Tag Archive | civil war

Announcing the Release of: A Resting Place by J.T. Seate

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A New Release from MuseItUP Publishing

Genre:  Supernatural Dark Fiction/Horror

Tags:  Supernatural, horror, suspense, thriller, ghosts, revenants, spirits, wraiths, historical, Civil War, Indian Wars, American History, Tennessee, The Confederacy, cemeteries, graveyards, zombies, undead, folklore

Release: July 5, 2013

Editor:  V.L. Murray

Line Editor:  Greta Gunselman

ISBN:  978-1-77127-353-4

Back Cover

On a sloping hill overlooking the poetically named little town of Sugar Creek, Tennessee, rests an old cemetery where, in the 19th century, the people in the village buried their dead. Some of the stones date back to before the Civil War. Those who once tended the one hundred or so graves have long since departed this world. Only random aluminum cans and scraps of windblown paper and plastic keep them company now. The old timers call the strip of land The Resting Place, but local legend suggests it is anything but restful.

Maybe everyone sees that which they believe in. This is a statement that resonates with many Sugar Creek residents for good reason. Whether the members of the McCullough, the Langford, or the Finch families ever found rest was a dubious question considering how their lives and deaths spun out in curious directions.

For some, a century and a half might not be long enough to find eternal rest. It is for a newcomer to try and answer the question, for he is destined to stir echoes from the past as the tales of Sugar Creek, the resting place, and its most memorable ghost again become more than the murmurings of ancient history.

Excerpt

At her bedroom window, Polly’s current thoughts moved from Gladys’s sing-song voice, and the off-tune old ladies at Emily’s graveside, to the shapes that steadfastly resided beyond her house. The light breeze ceased; the owl quieted. All was as still as death along the road that passed by her gate. The stillness was eerie rather than peaceful. Everything slept, almost everything, for the next sound was something that bore the quality of her frightening stories—the squeak of a door opening.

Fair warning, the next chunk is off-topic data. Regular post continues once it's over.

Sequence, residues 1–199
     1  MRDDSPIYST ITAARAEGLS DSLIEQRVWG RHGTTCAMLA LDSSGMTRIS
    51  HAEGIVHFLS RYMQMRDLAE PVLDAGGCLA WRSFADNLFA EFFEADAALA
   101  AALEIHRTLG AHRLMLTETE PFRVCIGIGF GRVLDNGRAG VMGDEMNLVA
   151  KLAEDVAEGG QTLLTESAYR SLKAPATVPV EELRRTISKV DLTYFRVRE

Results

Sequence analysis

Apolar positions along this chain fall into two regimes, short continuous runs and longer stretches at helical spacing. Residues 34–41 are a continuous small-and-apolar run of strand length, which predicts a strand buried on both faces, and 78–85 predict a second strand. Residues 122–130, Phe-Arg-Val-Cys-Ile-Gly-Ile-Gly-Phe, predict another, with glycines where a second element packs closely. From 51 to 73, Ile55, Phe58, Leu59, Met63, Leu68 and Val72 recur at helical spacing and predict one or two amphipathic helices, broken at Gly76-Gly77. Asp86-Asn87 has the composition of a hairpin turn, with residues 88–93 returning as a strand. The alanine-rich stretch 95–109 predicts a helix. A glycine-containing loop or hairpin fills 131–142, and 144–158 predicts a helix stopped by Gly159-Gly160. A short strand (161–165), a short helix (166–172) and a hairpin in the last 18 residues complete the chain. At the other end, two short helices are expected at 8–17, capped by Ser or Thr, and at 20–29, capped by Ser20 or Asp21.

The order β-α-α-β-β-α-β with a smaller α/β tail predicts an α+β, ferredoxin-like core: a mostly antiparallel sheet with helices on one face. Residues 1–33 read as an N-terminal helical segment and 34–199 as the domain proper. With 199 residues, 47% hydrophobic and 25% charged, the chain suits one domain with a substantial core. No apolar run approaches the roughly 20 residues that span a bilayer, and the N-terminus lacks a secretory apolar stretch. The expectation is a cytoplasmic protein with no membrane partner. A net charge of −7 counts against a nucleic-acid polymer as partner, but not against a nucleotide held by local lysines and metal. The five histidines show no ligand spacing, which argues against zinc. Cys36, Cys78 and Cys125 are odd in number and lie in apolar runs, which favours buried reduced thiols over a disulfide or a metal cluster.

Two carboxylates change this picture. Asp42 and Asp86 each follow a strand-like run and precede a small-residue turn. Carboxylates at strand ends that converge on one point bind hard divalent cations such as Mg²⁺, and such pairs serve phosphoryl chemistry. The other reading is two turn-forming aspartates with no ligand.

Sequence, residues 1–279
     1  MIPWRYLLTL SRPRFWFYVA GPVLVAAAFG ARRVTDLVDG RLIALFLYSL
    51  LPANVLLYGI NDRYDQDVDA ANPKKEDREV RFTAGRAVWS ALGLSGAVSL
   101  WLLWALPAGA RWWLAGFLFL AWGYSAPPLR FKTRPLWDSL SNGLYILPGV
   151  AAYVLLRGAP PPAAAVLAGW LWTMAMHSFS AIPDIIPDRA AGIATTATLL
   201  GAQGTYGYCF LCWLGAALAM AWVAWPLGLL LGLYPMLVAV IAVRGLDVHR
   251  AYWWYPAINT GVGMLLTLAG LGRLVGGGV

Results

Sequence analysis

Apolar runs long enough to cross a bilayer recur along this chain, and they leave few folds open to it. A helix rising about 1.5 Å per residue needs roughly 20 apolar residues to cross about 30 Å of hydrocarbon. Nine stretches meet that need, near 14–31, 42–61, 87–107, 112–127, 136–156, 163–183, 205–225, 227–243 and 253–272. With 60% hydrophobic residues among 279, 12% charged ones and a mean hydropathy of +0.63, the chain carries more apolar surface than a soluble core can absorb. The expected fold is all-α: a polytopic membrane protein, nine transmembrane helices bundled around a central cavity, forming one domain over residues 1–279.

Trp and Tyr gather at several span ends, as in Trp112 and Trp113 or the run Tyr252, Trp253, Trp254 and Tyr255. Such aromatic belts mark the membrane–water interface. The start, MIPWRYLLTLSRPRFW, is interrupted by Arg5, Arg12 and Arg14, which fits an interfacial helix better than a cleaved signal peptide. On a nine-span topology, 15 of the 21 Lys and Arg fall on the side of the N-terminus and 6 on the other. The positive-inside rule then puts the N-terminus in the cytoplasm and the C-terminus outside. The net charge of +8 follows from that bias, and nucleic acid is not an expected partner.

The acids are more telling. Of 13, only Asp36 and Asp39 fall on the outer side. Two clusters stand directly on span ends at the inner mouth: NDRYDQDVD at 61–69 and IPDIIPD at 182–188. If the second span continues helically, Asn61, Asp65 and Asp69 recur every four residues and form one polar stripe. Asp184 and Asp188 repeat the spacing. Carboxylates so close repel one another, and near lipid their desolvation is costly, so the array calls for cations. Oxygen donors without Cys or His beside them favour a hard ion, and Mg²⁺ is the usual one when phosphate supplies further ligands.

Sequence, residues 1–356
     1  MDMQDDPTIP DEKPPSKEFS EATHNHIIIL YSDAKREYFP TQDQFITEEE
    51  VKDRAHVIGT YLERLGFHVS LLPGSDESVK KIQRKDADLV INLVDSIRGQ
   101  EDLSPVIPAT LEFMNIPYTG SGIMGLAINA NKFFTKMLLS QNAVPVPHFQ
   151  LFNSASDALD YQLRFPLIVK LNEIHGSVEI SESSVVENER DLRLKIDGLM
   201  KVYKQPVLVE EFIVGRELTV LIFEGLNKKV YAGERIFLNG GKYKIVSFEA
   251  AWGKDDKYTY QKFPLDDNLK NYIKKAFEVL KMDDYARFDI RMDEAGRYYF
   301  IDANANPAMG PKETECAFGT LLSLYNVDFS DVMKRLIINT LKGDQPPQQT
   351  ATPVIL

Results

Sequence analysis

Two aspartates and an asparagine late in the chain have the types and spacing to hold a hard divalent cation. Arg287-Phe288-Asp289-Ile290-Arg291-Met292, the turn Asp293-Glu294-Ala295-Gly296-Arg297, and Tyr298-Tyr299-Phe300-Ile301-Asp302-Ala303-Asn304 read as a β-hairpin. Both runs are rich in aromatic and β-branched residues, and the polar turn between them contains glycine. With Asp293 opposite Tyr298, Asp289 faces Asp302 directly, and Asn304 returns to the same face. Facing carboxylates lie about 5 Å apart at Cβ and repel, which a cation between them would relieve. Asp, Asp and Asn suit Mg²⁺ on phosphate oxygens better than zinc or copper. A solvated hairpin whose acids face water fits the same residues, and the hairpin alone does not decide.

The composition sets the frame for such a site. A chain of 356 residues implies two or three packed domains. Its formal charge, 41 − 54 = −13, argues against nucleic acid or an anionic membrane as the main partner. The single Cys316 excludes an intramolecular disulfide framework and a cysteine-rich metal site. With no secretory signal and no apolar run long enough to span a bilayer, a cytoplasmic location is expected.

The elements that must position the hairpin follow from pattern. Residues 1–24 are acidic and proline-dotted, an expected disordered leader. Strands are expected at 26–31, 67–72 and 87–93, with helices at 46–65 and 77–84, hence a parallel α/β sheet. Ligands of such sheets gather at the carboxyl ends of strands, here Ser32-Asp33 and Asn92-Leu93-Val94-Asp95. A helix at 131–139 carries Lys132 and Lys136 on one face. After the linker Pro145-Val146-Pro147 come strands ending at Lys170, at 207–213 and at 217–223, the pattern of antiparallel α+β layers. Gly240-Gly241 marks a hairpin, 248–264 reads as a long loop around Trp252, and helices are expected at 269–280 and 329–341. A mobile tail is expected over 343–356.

She walked from the window to her own bedroom door. The boards again protested under her weight. She eased the chair from beneath the doorknob—a precaution she had taken ever since Emily’s murder. Incongruously, she thought of Priscilla. She had never seen the image locals swore to having witnessed, but it was not a haunting she was worried about. A perpetrator was still on the loose and she had no confidence in local law enforcement. Sheriff Spalding was good at cards, but little else.

What makes a human want to hurt another human? Honor? Loyalty to country? Those seemed humble and misleading excuses for delivering carnage. Polly did not understand the impulse, but people did it all the time. The war and its aftermath was a testament to that.

Another question overrode both of these. Why had Edwin wound up bedridden? Why did he have a stroke in the fields and turn into an invalid and leave her with all the work? If he were well, he could go plodding through the house with his pistol. What defense did she have, an older woman in a house too big to tend properly? But Edwin would not have done that. “Foolish old woman,” he would have said to her.

As Polly’s mind returned to the present, she felt compelled to check the house. She slowly opened her bedroom door and peered into the hallway. Edwin had his own room down the hall. No reason to change accommodations after all these years. Although he’d had the stroke and could not manage getting to the privy, “to tap a kidney” as he used to say, he remained somewhat mobile, usually when Polly did not want him to be. He had crawled from his bed a couple of times while she was in the throes of a story and scratched at her bedroom door, scaring the living daylights out of her. He couldn’t speak; only move his jaws pathetically in that helpless way of stroke patients. She took in meals and helped him with the eating process ever since he knocked over a glass and spread a lake of milk over the floor. She cut her finger picking up the pieces. She briefly considered a convalescence hospital, filled with veterans never to recover from their wounds, but it was too many towns away and beyond their financial means. An occasional visit from the horse-and-buggy doctor they had for the whole county would have to do.